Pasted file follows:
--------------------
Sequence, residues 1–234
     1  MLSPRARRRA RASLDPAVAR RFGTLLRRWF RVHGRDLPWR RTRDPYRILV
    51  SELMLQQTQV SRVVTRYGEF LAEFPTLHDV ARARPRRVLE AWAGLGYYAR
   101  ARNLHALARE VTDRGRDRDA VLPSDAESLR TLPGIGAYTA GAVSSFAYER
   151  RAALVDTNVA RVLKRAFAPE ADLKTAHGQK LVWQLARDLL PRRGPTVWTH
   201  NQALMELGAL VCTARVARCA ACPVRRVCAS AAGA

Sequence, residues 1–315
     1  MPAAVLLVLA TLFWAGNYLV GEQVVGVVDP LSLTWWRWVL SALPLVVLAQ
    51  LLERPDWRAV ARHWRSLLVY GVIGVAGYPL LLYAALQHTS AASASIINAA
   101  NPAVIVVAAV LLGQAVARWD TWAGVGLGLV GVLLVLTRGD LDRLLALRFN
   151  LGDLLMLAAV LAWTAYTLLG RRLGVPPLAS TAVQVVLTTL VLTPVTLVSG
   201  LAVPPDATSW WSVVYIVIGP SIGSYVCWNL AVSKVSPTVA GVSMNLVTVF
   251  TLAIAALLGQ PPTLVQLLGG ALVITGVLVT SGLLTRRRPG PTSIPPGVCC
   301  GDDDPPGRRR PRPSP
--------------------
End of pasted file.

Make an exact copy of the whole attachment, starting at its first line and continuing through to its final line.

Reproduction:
Sequence, residues 1–234
     1  MLSPRARRRA RASLDPAVAR RFGTLLRRWF RVHGRDLPWR RTRDPYRILV
    51  SELMLQQTQV SRVVTRYGEF LAEFPTLHDV ARARPRRVLE AWAGLGYYAR
   101  ARNLHALARE VTDRGRDRDA VLPSDAESLR TLPGIGAYTA GAVSSFAYER
   151  RAALVDTNVA RVLKRAFAPE ADLKTAHGQK LVWQLARDLL PRRGPTVWTH
   201  NQALMELGAL VCTARVARCA ACPVRRVCAS AAGA

Sequence, residues 1–315
     1  MPAAVLLVLA TLFWAGNYLV GEQVVGVVDP LSLTWWRWVL SALPLVVLAQ
    51  LLERPDWRAV ARHWRSLLVY GVIGVAGYPL LLYAALQHTS AASASIINAA
   101  NPAVIVVAAV LLGQAVARWD TWAGVGLGLV GVLLVLTRGD LDRLLALRFN
   151  LGDLLMLAAV LAWTAYTLLG RRLGVPPLAS TAVQVVLTTL VLTPVTLVSG
   201  LAVPPDATSW WSVVYIVIGP SIGSYVCWNL AVSKVSPTVA GVSMNLVTVF
   251  TLAIAALLGQ PPTLVQLLGG ALVITGVLVT SGLLTRRRPG PTSIPPGVCC
   301  GDDDPPGRRR PRPSP